LCWR

Leadership Conference of Women Religious

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Publications

LCWR offers its members a wide variety of publications designed to keep them informed of current information and events regarding the conference and religious life. These publications are available to the public as well.

For information on ordering LCWR publications, contact Carol Glidden at cglidden@lcwr.org.

Update (March 2005)

There must be something in the monastic gene pool that enables us to embrace Lent each year as a sure part of our journey to God.  Benedict in his rule tells us, “The life of a monastic ought to be a continuous Lent.” (RB49:1)  He goes on to explain that few would have the strength for such a rigorous life, so we should, at minimum, use the season of Lent to our advantage.  There are definite behavioral expectations:  adding to our prayer, our reading, abstaining from food and drink, time in silence and lectio beyond the ordinary measure.

Millennium Development Goals: The Promise of a Better World (Feb. 2005, Vol. 14, No. 1)

In 2000, 189 countries of the world signed the United Nations Millennium Declaration.  This was an historic moment and set forth an ambitious agenda for improving the lives of the world’s poorest citizens by 2015 through a joint effort of developing and developed nations. The MDGs are a set of measurable goals and targets for combating poverty, hunger and disease, illiteracy, environmental degradation and discrimination against women.

Update (February 2005)

…all moments are key moments,and life itself is grace.

When I find a penny on the ground, I pick it up as a sign of God’s blessings coming in small, everyday events.  Sometimes it’s an actual penny, sometimes it’s a phrase that tips me into a new economy of grace.  The penny I picked up before Christmas was a question posed by Don Goergen, OP, in the November InFormation newsletter  – What or who is my center? 

Update (January 2005)

The New Year is, for me, an opportunity to remember and to anticipate.

Reflecting on the past year, I remember the opportunities and the challenges we faced as a conference.  The challenges were many, some more prominent than others.  I am sure each of us could list and comment on their importance from our own perspectives.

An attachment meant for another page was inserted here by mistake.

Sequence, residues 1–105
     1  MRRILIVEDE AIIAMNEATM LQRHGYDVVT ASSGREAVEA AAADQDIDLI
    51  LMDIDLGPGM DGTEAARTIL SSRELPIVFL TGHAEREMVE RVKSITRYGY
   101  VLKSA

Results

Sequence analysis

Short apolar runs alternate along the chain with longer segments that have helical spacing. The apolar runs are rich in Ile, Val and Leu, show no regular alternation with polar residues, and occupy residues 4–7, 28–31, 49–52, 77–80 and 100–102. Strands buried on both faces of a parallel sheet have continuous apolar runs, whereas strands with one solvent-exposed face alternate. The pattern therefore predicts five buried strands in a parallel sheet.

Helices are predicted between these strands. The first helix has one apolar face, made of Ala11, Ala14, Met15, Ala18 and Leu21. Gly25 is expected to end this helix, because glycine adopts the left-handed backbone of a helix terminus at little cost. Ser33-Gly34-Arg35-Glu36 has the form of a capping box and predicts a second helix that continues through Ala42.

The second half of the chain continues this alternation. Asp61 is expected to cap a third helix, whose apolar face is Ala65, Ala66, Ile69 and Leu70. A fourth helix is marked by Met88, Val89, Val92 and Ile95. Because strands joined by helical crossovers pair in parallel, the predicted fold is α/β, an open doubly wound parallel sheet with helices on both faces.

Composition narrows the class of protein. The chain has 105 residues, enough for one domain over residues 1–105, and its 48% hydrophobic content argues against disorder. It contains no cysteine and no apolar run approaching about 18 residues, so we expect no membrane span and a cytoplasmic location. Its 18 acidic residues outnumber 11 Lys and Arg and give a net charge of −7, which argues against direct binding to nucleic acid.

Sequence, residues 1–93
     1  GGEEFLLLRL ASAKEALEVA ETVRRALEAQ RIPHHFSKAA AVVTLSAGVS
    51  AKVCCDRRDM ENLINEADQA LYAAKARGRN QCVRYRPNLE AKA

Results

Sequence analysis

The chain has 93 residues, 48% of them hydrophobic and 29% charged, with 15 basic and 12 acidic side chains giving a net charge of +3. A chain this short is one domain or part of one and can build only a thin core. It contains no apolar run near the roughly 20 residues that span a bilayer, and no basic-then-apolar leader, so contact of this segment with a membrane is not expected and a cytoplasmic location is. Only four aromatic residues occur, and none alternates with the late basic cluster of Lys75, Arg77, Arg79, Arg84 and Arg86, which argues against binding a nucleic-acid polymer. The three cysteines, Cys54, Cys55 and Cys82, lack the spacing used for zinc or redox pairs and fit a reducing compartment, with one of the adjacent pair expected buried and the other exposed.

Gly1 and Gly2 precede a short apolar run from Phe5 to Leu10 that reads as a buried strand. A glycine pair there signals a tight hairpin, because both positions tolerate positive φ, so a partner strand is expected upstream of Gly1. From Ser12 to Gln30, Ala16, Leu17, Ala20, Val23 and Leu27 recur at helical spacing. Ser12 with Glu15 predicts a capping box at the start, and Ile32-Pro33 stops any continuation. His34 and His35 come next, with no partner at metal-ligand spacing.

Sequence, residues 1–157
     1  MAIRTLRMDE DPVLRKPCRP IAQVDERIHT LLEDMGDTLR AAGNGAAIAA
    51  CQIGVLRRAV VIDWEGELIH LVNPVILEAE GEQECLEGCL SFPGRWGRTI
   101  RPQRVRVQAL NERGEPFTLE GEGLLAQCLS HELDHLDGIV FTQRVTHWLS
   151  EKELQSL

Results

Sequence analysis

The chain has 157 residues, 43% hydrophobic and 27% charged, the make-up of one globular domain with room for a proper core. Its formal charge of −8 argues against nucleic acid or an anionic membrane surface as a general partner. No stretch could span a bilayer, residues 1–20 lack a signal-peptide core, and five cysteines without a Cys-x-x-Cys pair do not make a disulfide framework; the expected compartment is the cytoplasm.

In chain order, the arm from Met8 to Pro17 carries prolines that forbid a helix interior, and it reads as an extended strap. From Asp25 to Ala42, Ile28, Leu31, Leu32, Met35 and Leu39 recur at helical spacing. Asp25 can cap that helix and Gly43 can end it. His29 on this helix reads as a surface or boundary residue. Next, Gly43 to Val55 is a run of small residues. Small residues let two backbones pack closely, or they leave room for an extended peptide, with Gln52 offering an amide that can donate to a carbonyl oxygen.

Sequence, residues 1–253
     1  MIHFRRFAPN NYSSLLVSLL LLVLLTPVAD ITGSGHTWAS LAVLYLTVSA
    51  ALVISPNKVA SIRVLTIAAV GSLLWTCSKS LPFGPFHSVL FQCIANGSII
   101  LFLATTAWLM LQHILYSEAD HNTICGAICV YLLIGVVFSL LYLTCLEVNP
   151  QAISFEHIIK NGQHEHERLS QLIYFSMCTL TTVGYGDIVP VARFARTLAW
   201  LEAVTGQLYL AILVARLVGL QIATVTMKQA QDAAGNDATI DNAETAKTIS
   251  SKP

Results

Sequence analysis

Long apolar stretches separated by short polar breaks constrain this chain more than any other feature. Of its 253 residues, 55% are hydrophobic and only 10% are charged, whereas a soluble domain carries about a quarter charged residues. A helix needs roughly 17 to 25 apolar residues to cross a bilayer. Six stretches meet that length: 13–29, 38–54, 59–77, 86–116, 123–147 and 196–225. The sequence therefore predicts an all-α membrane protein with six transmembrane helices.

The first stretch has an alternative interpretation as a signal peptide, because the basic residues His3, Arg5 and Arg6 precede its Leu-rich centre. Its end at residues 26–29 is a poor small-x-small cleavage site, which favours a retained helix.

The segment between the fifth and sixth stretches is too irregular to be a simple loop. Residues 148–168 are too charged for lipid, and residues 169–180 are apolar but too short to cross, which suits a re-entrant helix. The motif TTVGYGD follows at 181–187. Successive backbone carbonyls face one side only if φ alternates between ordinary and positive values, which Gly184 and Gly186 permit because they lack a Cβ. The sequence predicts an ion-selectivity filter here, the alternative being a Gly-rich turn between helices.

Earth Charter: Incorporate the Principles of the Earth Charter Into Your Justice Agenda (Dec. 2004, Vol. 13, No. 4)

Throughout the past decade congregations have begun to participate in the marvelous story of our universe with new understandings. We have, with the new knowledge brought forth by scientists, environmentalists and theologians, become much more aware of our relationship with Earth. We are part of Earth, not apart from it. We have come to understand and believe in our interconnectedness as a human family with all of creation. This new understanding has helped us to use a new lens when we look at our world.

Update (December 2004)

The Advent-Christmas season situates our life between memory and hope.  In the scriptures we are reminded of how God has broken into our world and into our lives. God’s coming brings light where there once was darkness, ends captivity and sets a people free.  Our monastic community gathers each Saturday evening in Advent for Vigil.  Our chapel is almost completely dark except for the candles of the Advent wreath and a small light at the ambo where one of us will give a reflection.  We sing the psalms by heart or repeat after a cantor.  We listen to God’s Word.

Update (November 2004)

Here in Minnesota, we cherish every nice day from May through October, knowing that winter will soon come. This state, which has one of the shorter growing seasons, is one that has very high sales of garden plants and supplies. We make the most of the beautiful days and enjoy the growth and color of plants more because we know they will pass away shortly.

Update (October 2004)

I recall fondly our time together in Fort Worth, remembering our communal expression in words, in song, and in the silence of our being, of our deepest longing for peace with justice.

Update (August/September 2004)

Ours is a world of change and challenge. We have audaciously claimed by the title of our joint assembly that “we are no longer bystanders.”  We can lament what is lost in our church and our world or we can be transformed by grace and become bearers of hope.  By our willingness to name the sins of our times, we make a commitment to bring the Gospel and our voices to speak to the present moment with all its promise and poverty.

Wal-Mart: Our Concerns and Response (Jun. 2004, Vol. 14, No. 3)

Wal-Mart operates more than 4,400 discount stores throughout the United States. The company reported sales of $256 billion and employed 1.4 million people in fiscal 2003. The mega-corporation is the largest employer in the world.  If it were an independent nation, it would be China’s eighth-largest trading partner. In its efforts to become the world’s largest retailer, the company has encounter many criticisms for its human rights violations, racial and gender discrimination, and its disregard for workers, among many other issues.

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